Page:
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HDMI will boost data rate to 275MHz

Posted: 01 Aug 2006 ?? ?Print Version ?Bookmark and Share

Keywords:Rick Merritt? EE Times? High Definition Multimedia Interface? HDMI? HDMI 1.3?

An upgrade to the High Definition Multimedia Interface (HDMI) opens the door to improved picture and audio quality for high-end users and specifies a smaller connector for OEMs. However, the group backing the ad hoc HDMI standard for transmitting digital media over a copy-protected link has postponed an addition that would support AC coupling for media source devices such as PCs and STBs.

HDMI 1.3 will increase the link's data rate from 165MHz to an expected 275MHz once the new spec is frozen. That paves the way for systems supporting higher resolutions, faster frame rates and deeper color depth.

Some vendors are planning to use the improved data rates for systems with refresh rates of 90MHz or faster. Others are working on systems with 36bit or deeper color depth. HDMI 1.3 will also support the new xvYCC color standard that the IEC released in January.

The new version adds support for Dolby TrueHD and DTS-HD Master audio formats. In addition, it supports a new, automated approach to hiding latency between systems to ensure better "lip synching" of content between systems.

For OEMs, the spec adds a new miniature connector format that is seen as key to easing HDMI more gracefully into portable devices such as notebook computers, camcorders and digital still cameras. A Sony camcorder and a Samsung digital still camera already use the interface.

The group decided to delay approving AC coupling for PCs and other media sources. That would have eased the process of integrating HDMI in the latest silicon process technology, and smoothed the marriage of HDMI and the internal PCIe interconnect.

The group made AC coupling for display devices part of its spec last year. The support for AC coupling on source devices could come "very soon," said Leslie Chard, president of HDMI Licensing LLC, which administers the spec and collects royalties. The fees mainly go back to chip designer Silicon Image, which holds most of the intellectual property on HDMI's underlying Transition Minimized Differential Signaling technology.

About 17 million systems shipped with HDMI in 2005. Three times that many are expected to adopt the interface this year, rising to as many as 278 million in 2009.

Game consoles
Besides DTVs, game consoles such as PlayStation 3 are also adopting HDMI. More than 400 companies have become adopters of the spec.

"If you buy a DTV in the U.S., HDMI is not a high-end feature anymore. It's pretty much become a check box item," said Chard.

One of the teething issues with HDMI has been interoperability. Several reports have surfaced about HDMI links on one system that do not work properly with links on another system or must step down in resolution to do so.

Chard said Intel Corp., which owns the high-bandwidth digital content-protection (HDCP) technology used in HDMI, is developing a compliance program for it. The HDMI group in turn is working with Intel to ensure that the compliance program becomes part of the HDMI use regulations.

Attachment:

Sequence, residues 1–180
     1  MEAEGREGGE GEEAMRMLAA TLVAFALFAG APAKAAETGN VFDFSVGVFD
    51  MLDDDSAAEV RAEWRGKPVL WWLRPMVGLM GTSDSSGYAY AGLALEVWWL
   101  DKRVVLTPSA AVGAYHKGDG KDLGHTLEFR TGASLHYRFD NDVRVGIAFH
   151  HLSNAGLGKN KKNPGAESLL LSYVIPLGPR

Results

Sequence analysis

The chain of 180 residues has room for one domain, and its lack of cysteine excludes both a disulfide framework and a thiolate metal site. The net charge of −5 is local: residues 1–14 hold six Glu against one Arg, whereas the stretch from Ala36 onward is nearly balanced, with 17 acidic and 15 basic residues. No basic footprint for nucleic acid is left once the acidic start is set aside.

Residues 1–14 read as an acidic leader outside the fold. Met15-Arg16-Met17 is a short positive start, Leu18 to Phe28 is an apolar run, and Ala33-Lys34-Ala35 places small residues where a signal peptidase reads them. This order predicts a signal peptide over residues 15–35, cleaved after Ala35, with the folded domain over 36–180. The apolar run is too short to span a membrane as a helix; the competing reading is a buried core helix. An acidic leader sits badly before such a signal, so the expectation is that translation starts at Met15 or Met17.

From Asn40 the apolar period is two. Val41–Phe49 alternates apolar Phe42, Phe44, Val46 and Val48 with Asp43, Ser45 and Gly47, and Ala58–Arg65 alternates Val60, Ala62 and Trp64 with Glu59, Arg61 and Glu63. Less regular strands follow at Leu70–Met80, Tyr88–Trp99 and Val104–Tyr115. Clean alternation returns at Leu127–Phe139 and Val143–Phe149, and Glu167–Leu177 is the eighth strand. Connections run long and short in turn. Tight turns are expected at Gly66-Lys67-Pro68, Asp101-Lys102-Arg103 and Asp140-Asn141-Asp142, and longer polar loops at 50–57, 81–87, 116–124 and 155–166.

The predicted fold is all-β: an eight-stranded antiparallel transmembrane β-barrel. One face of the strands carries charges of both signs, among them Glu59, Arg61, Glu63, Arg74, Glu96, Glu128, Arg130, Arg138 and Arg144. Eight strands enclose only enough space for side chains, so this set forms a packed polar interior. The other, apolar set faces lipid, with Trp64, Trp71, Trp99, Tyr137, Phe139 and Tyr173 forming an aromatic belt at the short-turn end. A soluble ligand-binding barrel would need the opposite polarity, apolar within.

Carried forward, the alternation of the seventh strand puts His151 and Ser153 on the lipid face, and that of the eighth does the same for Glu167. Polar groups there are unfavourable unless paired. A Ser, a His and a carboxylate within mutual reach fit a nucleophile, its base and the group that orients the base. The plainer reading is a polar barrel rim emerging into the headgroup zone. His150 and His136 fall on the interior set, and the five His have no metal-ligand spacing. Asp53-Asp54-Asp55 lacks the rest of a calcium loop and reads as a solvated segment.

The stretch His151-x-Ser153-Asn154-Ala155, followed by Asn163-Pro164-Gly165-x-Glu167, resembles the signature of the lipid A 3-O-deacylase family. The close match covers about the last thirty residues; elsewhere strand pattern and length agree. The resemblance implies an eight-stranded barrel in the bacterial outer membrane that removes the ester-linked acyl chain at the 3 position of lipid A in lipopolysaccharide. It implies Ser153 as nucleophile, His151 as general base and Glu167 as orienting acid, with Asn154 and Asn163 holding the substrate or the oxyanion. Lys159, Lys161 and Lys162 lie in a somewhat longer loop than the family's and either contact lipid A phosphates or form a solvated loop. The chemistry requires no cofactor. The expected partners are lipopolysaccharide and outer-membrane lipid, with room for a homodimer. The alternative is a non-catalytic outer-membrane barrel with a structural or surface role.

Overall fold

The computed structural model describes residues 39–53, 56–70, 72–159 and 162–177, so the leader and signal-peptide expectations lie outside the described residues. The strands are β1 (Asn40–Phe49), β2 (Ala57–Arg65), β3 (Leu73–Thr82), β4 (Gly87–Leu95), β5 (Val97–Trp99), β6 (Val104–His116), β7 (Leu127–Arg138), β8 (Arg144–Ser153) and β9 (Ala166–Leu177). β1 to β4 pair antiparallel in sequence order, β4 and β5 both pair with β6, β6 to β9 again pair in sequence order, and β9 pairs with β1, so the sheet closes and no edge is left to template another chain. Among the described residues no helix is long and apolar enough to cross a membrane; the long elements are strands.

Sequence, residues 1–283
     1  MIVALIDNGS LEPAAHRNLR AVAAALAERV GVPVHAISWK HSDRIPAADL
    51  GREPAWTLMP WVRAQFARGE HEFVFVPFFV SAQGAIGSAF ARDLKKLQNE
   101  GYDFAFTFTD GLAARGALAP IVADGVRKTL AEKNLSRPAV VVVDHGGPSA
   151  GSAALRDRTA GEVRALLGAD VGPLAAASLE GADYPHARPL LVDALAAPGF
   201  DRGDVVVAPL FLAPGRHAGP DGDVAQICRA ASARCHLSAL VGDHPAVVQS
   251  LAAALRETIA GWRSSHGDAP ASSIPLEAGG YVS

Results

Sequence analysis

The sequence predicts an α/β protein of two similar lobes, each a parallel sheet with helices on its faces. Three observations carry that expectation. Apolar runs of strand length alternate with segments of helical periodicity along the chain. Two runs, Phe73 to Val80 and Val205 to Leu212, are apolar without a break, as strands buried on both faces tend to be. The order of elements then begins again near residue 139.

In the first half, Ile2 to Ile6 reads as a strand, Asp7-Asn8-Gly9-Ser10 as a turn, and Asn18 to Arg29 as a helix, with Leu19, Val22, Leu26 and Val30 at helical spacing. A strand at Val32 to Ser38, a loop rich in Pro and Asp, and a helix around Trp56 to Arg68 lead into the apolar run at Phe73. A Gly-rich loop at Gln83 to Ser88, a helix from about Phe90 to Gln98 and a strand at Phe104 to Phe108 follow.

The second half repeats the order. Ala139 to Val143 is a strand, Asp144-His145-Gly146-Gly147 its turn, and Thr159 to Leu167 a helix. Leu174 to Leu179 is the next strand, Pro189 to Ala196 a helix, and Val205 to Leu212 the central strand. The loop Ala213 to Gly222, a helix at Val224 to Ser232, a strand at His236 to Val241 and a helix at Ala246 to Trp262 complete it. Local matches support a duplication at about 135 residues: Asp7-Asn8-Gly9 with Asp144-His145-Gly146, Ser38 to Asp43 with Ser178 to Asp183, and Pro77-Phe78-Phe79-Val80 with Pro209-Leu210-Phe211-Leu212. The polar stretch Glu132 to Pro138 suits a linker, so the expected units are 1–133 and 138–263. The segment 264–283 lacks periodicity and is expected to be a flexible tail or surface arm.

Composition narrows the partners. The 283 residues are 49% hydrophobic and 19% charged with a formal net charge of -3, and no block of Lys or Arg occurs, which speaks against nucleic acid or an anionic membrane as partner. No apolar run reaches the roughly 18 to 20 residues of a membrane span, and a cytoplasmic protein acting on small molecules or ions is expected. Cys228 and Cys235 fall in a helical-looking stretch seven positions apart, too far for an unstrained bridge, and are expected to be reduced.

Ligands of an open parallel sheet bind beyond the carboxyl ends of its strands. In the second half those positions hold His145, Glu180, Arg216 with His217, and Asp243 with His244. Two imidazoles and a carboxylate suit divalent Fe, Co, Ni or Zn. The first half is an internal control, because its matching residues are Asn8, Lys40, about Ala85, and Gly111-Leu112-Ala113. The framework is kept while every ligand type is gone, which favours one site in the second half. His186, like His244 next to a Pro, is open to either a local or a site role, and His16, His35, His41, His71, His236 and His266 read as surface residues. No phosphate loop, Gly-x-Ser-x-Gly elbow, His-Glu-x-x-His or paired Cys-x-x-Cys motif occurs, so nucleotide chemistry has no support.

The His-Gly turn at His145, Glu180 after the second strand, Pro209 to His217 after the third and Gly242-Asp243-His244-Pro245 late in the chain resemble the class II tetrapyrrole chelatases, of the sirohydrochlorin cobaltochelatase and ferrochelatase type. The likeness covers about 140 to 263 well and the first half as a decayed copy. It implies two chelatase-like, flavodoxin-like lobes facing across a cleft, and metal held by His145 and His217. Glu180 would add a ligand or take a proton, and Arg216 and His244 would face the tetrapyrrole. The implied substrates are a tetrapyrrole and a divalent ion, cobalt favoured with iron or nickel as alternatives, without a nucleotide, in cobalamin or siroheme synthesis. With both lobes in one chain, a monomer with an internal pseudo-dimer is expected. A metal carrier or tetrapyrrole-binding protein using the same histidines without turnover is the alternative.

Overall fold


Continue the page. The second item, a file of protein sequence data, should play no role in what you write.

HDMI is growing as digital visual interface (DVI) declines. DVI has been used in about 66 million systems this year and will go into about 35 million in 2009, according to market watchers at In-Stat. In part, that's because HDMI supports both audio and video while DVI is only for audio.

But HDMI also faces competition from DisplayPort, a new royalty-free option that aims to leapfrog both DVI and HDMI on several fronts. DisplayPort taps the electrical layer of today's 2.5Gbps PCIe and rides its coattails to bandwidths of up to 10.8Gbps over four channels. It supports lengths of up to 15m while hitting lower voltage levels than DVI.

DisplayPort creates the foundation for a packet-based video protocol for a future 2.0 iteration that would likely be timed with a move to the next-generation 5Gbps Express standard. The packet video approach allows one system to link to multiple displays, eases the job of tiling displays for exhibit, and opens the door to conserving power and bandwidth by refreshing screens only when needed.

DisplayPort also delivers an improved copy-protection schemeone that's incompatible with HDCP, used in both DVI and HDMI. Instead, DisplayPort uses a 128bit encryption key along with AES, rather than the 40bit key used in HDCP. It also adds support for checking the proximity of the transmitter and receiver, a new technique to make sure users aren't fooling a system to send content out to distant, unauthorized users.

The DisplayPort copy-protection scheme will not hit a 1.0 draft until later this third quarter. Then it must go through approval processes at various content organizations such as the Advanced Access Content System, which oversees content protection for next-generation DVDs.

Backers including Analogix Semiconductor, ATI Technologies, Genesis Microchip and Nvidia are expected to produce silicon supporting DisplayPort before the end of the year. Samsung and Philips are also backing the technology, which was officially approved by the 100-plus-member Video Electronics Standards Association in a late-April vote.

- Rick Merritt
EE Times

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